Mussel Attachment in Changing Climates: An Ecomaterial Approach

Saturday, February 16, 2013
Room 306 (Hynes Convention Center)
Emily Carrington , University of Washington, Friday Harbor, WA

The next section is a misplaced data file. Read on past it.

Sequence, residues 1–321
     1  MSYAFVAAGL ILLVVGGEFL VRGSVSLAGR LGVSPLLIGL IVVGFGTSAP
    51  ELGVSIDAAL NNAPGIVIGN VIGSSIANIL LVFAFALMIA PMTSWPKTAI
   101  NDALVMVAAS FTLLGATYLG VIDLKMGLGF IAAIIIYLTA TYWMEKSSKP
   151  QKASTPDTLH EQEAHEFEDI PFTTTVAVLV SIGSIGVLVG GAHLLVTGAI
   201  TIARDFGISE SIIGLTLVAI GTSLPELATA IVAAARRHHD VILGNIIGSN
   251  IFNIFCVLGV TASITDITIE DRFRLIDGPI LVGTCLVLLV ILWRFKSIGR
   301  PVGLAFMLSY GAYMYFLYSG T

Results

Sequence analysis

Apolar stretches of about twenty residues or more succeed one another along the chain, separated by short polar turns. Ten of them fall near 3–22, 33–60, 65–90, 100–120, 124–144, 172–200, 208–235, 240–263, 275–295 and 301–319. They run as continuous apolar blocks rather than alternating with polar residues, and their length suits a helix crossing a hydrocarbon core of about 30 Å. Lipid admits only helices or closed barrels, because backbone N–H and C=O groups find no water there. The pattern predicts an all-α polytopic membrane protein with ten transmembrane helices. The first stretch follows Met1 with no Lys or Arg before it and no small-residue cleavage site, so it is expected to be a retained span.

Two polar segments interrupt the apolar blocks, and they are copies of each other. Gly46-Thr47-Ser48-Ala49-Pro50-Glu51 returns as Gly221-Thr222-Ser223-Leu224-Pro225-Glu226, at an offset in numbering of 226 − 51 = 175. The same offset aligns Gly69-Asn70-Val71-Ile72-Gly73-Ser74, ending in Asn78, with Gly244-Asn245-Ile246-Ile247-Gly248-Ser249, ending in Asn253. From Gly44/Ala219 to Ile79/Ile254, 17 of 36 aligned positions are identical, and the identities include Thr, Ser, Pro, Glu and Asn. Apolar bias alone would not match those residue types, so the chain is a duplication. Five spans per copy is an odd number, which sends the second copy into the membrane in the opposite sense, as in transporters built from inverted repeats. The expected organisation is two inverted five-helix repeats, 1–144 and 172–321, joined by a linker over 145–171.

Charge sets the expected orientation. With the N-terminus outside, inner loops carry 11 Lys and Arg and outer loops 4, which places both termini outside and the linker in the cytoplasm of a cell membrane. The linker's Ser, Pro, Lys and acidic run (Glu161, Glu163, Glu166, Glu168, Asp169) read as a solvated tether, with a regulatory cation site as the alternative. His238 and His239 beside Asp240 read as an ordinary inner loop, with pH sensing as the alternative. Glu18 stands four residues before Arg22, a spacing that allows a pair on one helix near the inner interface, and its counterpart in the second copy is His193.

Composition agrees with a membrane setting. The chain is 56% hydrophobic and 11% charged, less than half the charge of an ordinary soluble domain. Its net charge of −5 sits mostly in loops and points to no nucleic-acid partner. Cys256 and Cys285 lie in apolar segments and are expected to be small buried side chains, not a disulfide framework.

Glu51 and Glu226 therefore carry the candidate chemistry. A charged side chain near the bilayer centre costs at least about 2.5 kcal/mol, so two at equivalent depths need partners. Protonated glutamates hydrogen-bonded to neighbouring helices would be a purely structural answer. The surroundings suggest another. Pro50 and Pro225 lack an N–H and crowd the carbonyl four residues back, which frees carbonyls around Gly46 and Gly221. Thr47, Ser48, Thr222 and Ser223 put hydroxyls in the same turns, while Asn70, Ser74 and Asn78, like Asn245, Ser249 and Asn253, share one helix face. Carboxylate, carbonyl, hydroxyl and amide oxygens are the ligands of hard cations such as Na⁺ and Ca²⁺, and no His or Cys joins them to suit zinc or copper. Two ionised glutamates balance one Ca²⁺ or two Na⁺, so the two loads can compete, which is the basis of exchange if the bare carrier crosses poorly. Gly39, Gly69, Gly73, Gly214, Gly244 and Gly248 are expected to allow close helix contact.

Mussels dominate temperate rocky shores worldwide by forming dense aggregations that are firmly tethered by byssal threads, extracellular collagenous secretions of the mussel foot.  Strong byssal attachment ensures mussels can withstand heavy wave action, resist mobile predators and overgrow competitors for limited space.  Field studies with Mytilus spp. have shown byssus strength, or tenacity, follows a strong seasonal cycle, rendering both wild and farmed populations prone to “fall-off” in late summer/early fall when increased storm activity coincides with weak attachment.  These seasonal cycles in tenacity are not due to changes in rate of thread production, but rather reflect environmentally-induced changes in the material properties of the individual byssal threads mussels produce; threads produced in summer are significantly weaker and less extensible than those produced in spring.  The underlying mechanism by which byssal threads weaken seasonally is unknown. Using custom laboratory mesocosms, we quantified the effects of two common environmental stressors, elevated temperature and pCO2 (= acidification), on the mechanical performance of byssal threads secreted by the bay mussel M. trossulus.  Both stressors caused thread weakening and loss of extensibility, but targeted different regions of a thread.  Specifically, high water temperature (~25C) weakened the proximal region, while high pCO2 (> 1200 μatm pCO2) reduced the strength of the plaque.  Both stressors reduced overall thread extensibility as well.  These results suggest multiple environmental stressors, including ocean acidification and warming, can combine to critically compromise the structural integrity of mussels.  Understanding the underlying mechanism by which environment alters the manufacturing process of mussel byssus (e.g. direct physiochemical  v. indirect physiologicial effects) will provide insight into developing strategies that promote the manufacture of strong byssus material, in industry and in nature.